Pluto may be a small world, only about 1,400 miles across, half as wide as the U.S., and one-sixth the size of Earth. But it’s no less complex for that. At minus 375 degrees Fahrenheit, it’s a very, very frozen world, but not a flat and featureless one.
It’s all about ice. On Earth, the only ice is frozen water. But on Pluto, even gases freeze solid: nitrogen, methane, carbon monoxide.
Pluto reminds me of Gethen, the snow-laden world, featured in Ursula Le Guin’s “The Left Hand of Darkness.” The people who live on the continent of Karhide have 62 names for “fallen snow.” Likewise, were we to live on Pluto, we’d have to have a catalog of words for its myriad ice textures.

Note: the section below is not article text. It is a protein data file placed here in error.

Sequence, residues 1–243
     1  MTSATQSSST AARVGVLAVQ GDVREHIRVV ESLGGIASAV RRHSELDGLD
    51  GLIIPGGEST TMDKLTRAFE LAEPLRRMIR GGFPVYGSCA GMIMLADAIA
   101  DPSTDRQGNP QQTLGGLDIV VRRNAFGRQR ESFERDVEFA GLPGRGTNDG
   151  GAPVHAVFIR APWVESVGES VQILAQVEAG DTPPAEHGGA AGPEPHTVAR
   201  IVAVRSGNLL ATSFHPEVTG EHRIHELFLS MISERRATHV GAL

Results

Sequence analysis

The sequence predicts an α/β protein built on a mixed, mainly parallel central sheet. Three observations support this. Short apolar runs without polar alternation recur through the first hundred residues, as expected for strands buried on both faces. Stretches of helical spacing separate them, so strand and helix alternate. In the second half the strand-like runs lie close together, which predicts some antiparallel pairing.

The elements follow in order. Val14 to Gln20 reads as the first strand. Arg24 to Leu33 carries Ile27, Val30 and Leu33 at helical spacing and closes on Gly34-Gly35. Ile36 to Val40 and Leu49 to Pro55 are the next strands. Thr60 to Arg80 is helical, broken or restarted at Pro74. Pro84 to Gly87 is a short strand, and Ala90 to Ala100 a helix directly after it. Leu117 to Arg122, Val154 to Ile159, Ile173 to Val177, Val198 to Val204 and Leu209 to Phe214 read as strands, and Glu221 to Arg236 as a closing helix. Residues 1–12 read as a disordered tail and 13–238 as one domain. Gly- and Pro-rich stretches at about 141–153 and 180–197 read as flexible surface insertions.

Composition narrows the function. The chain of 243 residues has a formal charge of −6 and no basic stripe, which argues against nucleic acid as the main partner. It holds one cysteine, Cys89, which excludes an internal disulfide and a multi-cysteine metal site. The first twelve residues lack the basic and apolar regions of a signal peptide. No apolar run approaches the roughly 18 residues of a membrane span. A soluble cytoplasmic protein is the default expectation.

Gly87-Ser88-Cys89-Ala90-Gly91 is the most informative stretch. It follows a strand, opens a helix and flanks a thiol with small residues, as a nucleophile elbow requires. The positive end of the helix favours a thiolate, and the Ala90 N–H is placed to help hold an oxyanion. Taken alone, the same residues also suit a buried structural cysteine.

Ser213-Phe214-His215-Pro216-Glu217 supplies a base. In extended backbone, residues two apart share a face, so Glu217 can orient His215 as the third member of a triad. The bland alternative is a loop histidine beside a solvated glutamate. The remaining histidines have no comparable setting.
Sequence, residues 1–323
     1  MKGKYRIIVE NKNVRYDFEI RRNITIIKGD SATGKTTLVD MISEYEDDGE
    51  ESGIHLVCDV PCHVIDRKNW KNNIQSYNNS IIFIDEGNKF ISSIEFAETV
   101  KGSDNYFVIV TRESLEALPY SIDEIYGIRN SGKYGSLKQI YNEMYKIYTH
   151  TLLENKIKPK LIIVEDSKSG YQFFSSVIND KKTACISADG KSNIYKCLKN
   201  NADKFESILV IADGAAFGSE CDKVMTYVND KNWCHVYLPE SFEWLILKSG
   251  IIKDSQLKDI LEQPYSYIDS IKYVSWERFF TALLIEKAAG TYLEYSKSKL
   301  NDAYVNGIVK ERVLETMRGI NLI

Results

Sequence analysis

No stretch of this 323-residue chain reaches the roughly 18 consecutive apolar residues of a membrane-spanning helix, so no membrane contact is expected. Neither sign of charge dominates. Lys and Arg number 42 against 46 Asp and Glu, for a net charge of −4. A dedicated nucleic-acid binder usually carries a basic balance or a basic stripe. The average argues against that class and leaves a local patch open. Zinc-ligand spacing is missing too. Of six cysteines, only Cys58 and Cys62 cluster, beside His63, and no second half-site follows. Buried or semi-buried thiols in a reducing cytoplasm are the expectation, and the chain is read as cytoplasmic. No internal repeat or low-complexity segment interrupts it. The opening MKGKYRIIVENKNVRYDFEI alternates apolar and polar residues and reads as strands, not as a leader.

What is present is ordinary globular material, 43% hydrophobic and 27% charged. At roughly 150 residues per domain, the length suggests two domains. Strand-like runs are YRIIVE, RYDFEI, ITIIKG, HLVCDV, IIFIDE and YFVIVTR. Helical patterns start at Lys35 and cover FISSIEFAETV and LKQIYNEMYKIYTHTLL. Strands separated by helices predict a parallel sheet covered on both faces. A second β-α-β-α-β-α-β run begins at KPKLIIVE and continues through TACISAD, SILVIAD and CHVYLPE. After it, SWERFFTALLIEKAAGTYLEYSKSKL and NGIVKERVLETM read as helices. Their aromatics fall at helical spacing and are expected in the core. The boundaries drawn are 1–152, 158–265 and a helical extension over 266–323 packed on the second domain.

A portrait, now emerging from photographs taken by New Horizons as it flew past the dwarf-planet on July 14, 2015, shows that it owns an impressive range of geological landforms: a vast icy plain in the shape of a “heart” called Sputnik Planum; a patterned terrain that has the texture of snakeskin; a soaring mountain.
Its left half is covered by mostly nitrogen snow; the right side is more methane ice.
During the daytime, it’d be only as bright as Earth at twilight. Looking up, you’d see a black sky (because of the thin atmosphere.) Shining brighter than anything else on it would be a disk the size of a quarter. That’d be the Sun.
There’d be a crepuscular glow all around, but you’d still be able to read a book. But surely, killing time would be a problem. A day would go on for 153 hours.